My entire 15-year career has been my best story, with too many positive fun experiences, negative learning experiences, and a chance to meet the nicest, most creative, intensely talented individuals in the world. I’m lucky to have spent my working life in this great, inspiring, tumultuous industry.
Has the trend of outsourcing animation overseas affected your firm, if yes, how have you dealt with it or compensated for it?
Outsourcing has been a constant threat throughout my entire career. I’ve been unlucky enough to see a great work migration in the late 90’s as even design and layout and posing were sent overseas creating a massive drought on the Canadian animation landscape. Flash production brought a lot of that work back from 2002-2006 but our animation brothers and sisters overseas quickly learned the necessary digital programs to undercut us over here yet again. Working predominantly on storyboards and design has insulated us somewhat here but the effect is a cascade. My American colleagues may think I’m whining simply because our high Canadian tax credits and non-union labour has been undercutting them for a long time. Sorry Team USA!
Do you think that there is an increasing or decreasing demand for animators overall? Why?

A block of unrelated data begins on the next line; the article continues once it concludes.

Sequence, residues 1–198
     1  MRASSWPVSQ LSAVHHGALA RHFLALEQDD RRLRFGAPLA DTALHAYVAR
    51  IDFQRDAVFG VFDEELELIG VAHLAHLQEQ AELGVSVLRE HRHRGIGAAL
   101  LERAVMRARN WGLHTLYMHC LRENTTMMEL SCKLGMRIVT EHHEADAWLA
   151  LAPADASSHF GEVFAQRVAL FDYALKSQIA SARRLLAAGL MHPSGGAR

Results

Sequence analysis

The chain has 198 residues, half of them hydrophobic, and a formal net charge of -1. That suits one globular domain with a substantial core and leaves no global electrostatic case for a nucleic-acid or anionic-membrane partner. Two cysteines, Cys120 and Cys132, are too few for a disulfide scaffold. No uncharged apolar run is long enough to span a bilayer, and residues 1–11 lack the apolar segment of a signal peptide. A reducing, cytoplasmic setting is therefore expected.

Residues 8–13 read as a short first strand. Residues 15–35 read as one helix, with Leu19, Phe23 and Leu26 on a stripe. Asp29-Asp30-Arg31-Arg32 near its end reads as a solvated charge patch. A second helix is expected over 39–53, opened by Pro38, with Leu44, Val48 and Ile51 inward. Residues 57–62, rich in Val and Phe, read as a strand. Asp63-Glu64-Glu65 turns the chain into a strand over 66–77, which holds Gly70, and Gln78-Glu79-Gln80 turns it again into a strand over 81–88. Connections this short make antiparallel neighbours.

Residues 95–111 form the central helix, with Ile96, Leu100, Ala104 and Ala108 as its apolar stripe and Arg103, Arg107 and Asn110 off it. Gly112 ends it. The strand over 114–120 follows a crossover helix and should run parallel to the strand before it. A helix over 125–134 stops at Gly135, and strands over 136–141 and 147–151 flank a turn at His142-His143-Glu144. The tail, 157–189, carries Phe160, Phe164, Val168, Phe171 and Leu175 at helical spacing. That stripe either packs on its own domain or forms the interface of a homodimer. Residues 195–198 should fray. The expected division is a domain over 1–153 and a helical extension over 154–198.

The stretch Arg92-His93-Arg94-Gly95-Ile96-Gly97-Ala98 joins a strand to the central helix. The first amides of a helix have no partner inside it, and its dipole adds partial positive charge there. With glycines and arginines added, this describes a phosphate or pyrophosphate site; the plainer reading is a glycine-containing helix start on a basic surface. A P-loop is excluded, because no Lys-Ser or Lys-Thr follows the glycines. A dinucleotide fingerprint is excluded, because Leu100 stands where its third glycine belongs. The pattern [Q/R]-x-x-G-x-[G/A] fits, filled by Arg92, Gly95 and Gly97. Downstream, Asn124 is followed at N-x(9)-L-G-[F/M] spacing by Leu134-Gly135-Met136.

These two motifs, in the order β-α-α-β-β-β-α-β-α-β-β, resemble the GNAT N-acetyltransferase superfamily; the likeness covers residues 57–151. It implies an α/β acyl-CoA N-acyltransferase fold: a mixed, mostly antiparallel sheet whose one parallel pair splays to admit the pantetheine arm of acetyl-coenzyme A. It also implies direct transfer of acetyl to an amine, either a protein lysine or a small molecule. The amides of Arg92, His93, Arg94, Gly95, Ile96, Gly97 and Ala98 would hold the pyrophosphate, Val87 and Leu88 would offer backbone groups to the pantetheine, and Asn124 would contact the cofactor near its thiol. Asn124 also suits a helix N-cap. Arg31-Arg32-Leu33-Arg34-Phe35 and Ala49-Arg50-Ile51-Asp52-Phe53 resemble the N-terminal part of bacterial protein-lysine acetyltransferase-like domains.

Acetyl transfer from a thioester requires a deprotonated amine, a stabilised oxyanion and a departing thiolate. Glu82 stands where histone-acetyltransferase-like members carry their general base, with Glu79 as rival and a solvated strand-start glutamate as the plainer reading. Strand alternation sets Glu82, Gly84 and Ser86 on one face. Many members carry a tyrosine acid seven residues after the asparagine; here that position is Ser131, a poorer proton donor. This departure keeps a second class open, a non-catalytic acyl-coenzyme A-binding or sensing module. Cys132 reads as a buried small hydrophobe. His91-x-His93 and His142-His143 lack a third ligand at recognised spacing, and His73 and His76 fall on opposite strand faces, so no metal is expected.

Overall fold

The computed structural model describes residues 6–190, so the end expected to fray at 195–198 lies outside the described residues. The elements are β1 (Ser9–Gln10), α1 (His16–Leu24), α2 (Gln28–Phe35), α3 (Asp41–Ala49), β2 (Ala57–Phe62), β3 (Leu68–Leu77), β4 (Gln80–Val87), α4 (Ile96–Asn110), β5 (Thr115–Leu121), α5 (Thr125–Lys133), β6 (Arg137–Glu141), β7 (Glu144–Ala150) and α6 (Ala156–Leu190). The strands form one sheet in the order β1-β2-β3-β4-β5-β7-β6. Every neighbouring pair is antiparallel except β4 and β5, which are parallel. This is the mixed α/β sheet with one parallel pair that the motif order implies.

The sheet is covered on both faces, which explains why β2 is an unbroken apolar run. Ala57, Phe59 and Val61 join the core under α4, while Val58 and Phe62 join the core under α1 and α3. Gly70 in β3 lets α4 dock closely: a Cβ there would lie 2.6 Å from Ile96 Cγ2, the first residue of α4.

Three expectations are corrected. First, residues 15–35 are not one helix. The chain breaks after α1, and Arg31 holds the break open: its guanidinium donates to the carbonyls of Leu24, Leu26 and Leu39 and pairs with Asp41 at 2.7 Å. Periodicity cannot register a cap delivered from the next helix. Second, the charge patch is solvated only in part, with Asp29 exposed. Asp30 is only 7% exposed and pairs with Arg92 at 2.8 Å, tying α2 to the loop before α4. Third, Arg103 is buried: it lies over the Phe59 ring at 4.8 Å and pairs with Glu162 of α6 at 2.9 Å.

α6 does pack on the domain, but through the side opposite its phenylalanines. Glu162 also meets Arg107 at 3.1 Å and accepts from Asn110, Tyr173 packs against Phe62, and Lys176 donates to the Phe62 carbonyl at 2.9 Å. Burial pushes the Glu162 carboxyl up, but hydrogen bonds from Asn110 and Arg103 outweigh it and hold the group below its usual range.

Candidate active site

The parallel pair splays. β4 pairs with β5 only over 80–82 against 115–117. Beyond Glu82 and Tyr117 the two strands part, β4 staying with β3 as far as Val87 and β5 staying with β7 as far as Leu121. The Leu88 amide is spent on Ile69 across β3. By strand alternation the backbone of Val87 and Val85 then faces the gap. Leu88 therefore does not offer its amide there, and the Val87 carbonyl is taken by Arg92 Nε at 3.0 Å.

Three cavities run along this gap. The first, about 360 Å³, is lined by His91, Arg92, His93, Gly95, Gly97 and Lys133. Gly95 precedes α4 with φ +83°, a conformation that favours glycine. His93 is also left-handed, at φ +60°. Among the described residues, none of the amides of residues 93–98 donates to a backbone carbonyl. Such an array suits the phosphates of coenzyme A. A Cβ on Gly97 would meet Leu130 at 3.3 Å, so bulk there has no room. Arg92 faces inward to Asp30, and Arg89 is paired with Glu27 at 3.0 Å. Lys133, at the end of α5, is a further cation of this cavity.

I think the need is relatively constant for animators and despite the fact that we’ve seen a real upswing in animators being hired in the games industry we’ve also seen a dramatic increase in the amount of colleges and trade schools pumping out high amounts of graduates. The reason I believe the demand is constant is I’ve seen countless 2-,3-, and 4-year vets step out of the industry into something much more stable. There seems to be a point where the animator reflects on his/her career and decides to leave the flaky field in order to work in another career. In all the studios I’ve ever worked at I’ve noticed that there are always a lot of new students and 1-year vets but very few ‘lifers’ or animation artists with a decade of experience or more. It always struck me as odd until I reached that 3 or 4 year point where my peer group was thinned out by one more layoff or one more bounced cheque or one more promise of work that failed to materialize... They looked around, newly married, new child on the way perhaps, approaching their late 20’s and decided that they were not so passionately attached to this animation mistress that demands so much of their time and energy and patience. I guess the rest of us prefer the mistress. You can take that ‘lifer’ lot and split it into the half that are severely bitter about their choice and their industry and the other half that loves it still and regrets nothing. Regret nothing and don’t approach this industry because there may be jobs in it, approach it because it’s all you ever wanted to do.
Check out more interviews at Animation Career Review's Interview Series.